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Arguing over TextsThe Rhetoric of Interpretation$
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Martin Camper

Print publication date: 2017

Print ISBN-13: 9780190677121

Published to Oxford Scholarship Online: November 2017

DOI: 10.1093/oso/9780190677121.001.0001

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PRINTED FROM OXFORD SCHOLARSHIP ONLINE (www.oxfordscholarship.com). (c) Copyright Oxford University Press, 2019. All Rights Reserved. An individual user may print out a PDF of a single chapter of a monograph in OSO for personal use. date: 21 November 2019

Jurisdiction

Jurisdiction

Chapter:
(p.139) 7 Jurisdiction
Source:
Arguing over Texts
Author(s):

Martin Camper

Publisher:
Oxford University Press
DOI:10.1093/oso/9780190677121.003.0007

Chapter 7 investigates the multiple ways arguers can question the legitimacy of an interpretation, thereby entering the stasis of jurisdiction. There are two main points of contention in this stasis: whether the person issuing the interpretation has the right to do so, and whether the interpreted text has any authority on the issue at hand. Other concerns involve the place, time, style, and delivery of an interpretation, as well as the hermeneutic method behind an interpretation. This chapter’s extended analysis examines the lines of argument fifteenth-century Italian humanist Lorenzo Valla employed to discredit the forged Donation of Constantine, an imperial decree allegedly written by Constantine the Great that ceded power over the Western Roman Empire to the pope. Studying the types of arguments people use in the stasis of jurisdiction reveals the specific ways that communities manage, control, and coordinate acts of textual interpretation in alignment with their values.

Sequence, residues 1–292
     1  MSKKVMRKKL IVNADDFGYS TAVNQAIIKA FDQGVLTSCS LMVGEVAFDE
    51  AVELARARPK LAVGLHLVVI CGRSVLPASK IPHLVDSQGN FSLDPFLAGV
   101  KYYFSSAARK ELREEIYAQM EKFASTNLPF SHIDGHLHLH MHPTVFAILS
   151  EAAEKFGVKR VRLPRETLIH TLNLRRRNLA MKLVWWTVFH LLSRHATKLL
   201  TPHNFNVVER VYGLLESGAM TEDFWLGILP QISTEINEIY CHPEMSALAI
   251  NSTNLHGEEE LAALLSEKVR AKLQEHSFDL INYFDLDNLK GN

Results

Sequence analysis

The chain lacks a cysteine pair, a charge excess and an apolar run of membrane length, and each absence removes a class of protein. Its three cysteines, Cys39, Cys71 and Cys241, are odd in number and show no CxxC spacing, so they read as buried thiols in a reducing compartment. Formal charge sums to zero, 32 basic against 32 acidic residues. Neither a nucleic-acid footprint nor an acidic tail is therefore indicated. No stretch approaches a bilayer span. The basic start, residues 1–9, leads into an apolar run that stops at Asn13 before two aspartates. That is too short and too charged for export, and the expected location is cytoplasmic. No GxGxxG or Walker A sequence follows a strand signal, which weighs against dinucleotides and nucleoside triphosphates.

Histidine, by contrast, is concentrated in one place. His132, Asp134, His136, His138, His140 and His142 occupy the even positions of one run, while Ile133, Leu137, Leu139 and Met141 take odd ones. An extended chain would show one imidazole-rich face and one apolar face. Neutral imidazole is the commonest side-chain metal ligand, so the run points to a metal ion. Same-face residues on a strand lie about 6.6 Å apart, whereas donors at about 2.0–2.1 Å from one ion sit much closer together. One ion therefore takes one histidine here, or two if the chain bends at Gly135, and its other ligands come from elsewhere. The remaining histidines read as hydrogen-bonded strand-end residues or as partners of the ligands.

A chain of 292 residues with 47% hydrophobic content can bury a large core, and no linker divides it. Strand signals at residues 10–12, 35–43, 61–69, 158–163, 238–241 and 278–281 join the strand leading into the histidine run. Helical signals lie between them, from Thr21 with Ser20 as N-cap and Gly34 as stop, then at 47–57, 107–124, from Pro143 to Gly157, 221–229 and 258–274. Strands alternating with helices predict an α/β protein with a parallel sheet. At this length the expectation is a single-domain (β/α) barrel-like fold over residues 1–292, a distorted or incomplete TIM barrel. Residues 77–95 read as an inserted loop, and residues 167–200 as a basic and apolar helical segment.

Keywords:   canonicity, Donation of Constantine, felicity conditions, forgery, J. L. Austin, jurisdiction, Lorenzo Valla, procedural stasis, textual criticism, peristases

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